Will the Indian Ocean define the 21st century?

By Shashi Tharoor
Sunday, November 14, 2010


The Indian Ocean and the Future of American Power

By Robert D. Kaplan

Random House. 366 pp. $28

Shashi Tharoor is a member of India's Parliament and the author, most recently, of "The Elephant, the Tiger and the Cell Phone: Reflections on India in the 21st Century."

In 1410, near the Sri Lankan coastal town of Galle, Chinese Admiral Zheng He erected a stone tablet with a message to the world. His inscription was in three languages - Chinese, Persian and Tamil - and his message was even more remarkable. According to Robert Kaplan in his new book, "Monsoon," the admiral "invoked the blessings of the Hindu deities for a peaceful world built on trade."

A Chinese sailor-statesman calling upon Indian gods as he set out to develop commercial links with the Middle East and East Africa: There could be no better illustration of the cosmopolitanism of the Indian Ocean region, centuries before the word "globalization" had even been coined.

Zheng's travels 600 years ago stand as a reminder of the economic potential of the vast Indian Ocean, which washes the shores of dozens of countries, large and small, from South Africa to Singapore. These nations straddle half the globe, account for half of the planet's container traffic and carry two-thirds of its petroleum.

But Kaplan is particularly interested in the ocean's strategic implications. His premise is that the Greater Indian Ocean, from the Horn of Africa to Indonesia, "may comprise a map as iconic to the new century as Europe was to the last one" and "demographically and strategically be a hub of the twenty-first century world." This makes the Indian Ocean "the essential place to contemplate the future of U.S. power." Perhaps that is what President Obama did last week as he flew from India to Indonesia, the vastness of the Indian Ocean beneath.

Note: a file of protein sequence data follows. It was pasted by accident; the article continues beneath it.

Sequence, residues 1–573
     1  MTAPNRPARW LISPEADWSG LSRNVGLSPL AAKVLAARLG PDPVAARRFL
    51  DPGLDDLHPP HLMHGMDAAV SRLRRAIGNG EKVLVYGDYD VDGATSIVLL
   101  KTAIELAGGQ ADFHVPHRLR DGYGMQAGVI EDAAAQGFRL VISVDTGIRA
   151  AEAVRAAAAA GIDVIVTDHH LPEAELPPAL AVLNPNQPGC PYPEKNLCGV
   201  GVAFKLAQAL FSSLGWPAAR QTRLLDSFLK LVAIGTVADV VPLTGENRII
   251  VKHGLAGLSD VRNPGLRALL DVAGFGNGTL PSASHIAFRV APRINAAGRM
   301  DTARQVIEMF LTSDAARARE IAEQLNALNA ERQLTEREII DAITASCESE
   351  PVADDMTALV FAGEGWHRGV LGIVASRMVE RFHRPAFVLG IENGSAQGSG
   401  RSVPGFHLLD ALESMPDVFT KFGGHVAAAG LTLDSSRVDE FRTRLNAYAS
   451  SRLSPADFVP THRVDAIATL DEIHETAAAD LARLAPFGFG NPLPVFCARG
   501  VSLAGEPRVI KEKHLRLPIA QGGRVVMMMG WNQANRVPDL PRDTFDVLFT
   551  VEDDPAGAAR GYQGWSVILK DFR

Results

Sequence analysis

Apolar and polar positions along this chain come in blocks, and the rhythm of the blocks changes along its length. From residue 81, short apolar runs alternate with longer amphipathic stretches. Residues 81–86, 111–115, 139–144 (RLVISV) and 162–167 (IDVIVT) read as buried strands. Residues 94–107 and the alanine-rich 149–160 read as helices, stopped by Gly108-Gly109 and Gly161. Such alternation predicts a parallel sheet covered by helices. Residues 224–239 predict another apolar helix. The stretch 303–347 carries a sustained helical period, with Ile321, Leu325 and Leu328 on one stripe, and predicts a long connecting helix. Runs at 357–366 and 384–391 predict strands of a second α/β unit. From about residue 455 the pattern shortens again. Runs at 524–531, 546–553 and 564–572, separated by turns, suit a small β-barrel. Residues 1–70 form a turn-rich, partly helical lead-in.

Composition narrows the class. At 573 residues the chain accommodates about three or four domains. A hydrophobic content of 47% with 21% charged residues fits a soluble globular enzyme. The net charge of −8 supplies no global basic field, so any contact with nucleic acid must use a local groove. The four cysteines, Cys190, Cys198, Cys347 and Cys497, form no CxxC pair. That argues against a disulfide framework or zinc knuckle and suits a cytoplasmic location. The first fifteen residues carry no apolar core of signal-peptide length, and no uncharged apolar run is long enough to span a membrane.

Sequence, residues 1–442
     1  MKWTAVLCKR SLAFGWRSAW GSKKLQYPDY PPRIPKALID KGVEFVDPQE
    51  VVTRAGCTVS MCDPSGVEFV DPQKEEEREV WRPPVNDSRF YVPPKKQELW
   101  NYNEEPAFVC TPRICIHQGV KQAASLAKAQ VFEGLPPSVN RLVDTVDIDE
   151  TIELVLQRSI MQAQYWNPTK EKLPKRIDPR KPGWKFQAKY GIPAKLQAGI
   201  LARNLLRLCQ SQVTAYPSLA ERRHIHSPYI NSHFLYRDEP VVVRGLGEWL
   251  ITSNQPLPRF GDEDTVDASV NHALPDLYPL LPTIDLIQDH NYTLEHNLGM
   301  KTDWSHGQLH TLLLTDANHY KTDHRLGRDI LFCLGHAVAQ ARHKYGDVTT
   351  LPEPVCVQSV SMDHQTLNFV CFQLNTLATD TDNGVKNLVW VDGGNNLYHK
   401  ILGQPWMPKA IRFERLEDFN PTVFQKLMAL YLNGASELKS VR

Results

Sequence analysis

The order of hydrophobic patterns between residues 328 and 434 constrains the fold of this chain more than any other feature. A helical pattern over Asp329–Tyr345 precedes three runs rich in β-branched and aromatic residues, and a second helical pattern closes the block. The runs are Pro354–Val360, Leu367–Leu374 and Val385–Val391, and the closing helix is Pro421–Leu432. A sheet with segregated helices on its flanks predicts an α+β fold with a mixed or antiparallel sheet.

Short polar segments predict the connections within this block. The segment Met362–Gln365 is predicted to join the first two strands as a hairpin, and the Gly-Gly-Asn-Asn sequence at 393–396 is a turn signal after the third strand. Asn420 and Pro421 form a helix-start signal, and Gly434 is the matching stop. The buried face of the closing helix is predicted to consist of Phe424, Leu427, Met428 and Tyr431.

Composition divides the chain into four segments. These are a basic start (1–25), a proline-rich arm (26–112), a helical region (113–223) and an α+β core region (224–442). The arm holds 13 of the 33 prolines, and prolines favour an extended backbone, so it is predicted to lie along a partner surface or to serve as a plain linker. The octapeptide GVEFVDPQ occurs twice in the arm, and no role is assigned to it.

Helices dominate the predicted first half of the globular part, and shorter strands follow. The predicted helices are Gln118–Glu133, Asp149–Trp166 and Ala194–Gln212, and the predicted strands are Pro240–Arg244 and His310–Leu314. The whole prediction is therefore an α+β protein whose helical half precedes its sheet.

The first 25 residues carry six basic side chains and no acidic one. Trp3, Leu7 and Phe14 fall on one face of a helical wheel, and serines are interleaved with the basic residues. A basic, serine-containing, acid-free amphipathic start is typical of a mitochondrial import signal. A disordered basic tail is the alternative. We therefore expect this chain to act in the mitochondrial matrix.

After laying out his thesis, Kaplan, the author of influential books on the Balkans, the American military and the "coming anarchy" of the post-Cold War world, launches into what he most enjoys - travel. He is a geographic determinist: For him, geography explains history, determines economics and transcends politics. As he ranges across the region from Oman to Sumatra, taking in Zanzibar, Kolkata and Sri Lanka along the way, he gives us a curious and compelling volume, part travelogue, part potted history, part journalism and part strategic analysis. It's a book that convinces the reader that what Kaplan calls Monsoon Asia is a profoundly interesting and complicated part of the world, but the chapters don't add up to a coherent argument as to why the region should matter more to the United States than anywhere else.

Yet if you don't care about getting there, you can have a lot of fun along the way, because Kaplan tells a good story - or rather, a series of good (if not always connected) stories. He converses with mysterious American expat soldiers with noms de guerre such as "Father of the White Monkey" and "the Bull That Swims," busy plotting freelance insurrections in Burma. A Pakistani dissident claims that India is "the role model for South Asia" and calls for open borders, while another denounces his own nation: "Pakistan is itself a breach of contract."

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